If marriage is a long plane ride, do you share the window or strand your mate in the middle seat? Such dilemmas define “The Language Archive,” Julia Cho’s sweet, meandering comedy now in revival at East West Players.
Linguist George (the excellent Ryun Yu) studies dying languages with a passion. “The task is quite Sisyphean,” he tells us — but is he speaking of ancient tongues or efforts to connect with his wife, Mary (Kimiko Gelman), a frequent crier who leaves passive-aggressive notes in her husband’s morning tea. Relationship fluency even fails Resten (Nelson Mashita) and Alta (Jeanne Sakata), an older couple who refuse to use their rare, mellifluous native dialect to fight — they prefer English for insults. Meanwhile, George’s assistant, Emma (Jennifer Chang), struggles to learn the universal language of Esperanto, even though there’s only one person she longs to converse with.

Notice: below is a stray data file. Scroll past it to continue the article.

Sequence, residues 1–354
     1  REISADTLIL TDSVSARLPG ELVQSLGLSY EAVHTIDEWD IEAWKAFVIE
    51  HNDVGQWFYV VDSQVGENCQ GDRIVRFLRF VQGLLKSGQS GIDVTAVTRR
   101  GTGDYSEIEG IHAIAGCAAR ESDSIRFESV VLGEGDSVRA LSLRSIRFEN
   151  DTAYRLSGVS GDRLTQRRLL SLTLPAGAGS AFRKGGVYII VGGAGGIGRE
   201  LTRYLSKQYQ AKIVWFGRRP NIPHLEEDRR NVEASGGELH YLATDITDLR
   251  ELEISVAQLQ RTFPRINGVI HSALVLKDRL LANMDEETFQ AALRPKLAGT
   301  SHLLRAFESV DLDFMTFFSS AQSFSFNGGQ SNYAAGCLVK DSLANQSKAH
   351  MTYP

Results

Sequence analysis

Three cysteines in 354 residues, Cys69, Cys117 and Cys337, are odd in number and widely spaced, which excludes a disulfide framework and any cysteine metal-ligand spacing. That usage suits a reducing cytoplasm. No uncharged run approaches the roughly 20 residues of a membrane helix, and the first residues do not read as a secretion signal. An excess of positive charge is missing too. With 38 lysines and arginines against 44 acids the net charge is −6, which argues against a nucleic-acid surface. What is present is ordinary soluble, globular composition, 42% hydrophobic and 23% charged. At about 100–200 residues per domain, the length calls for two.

For all its lovelorn characters, “Language” is a play of ideas, a style reinforced by set designer Francois-Pierre Couture’s giant wall of multicolored filing cabinets that open to reveal doors, recording devices and secrets. Add E.B. Brooks’s vibrant, slightly fairy-tale costumes and a certain wonderful smell, and the overall effect is a sensuality that deepens what can sometimes be more of an essay than a story. (You may also find yourself pretty hungry by the curtain call.)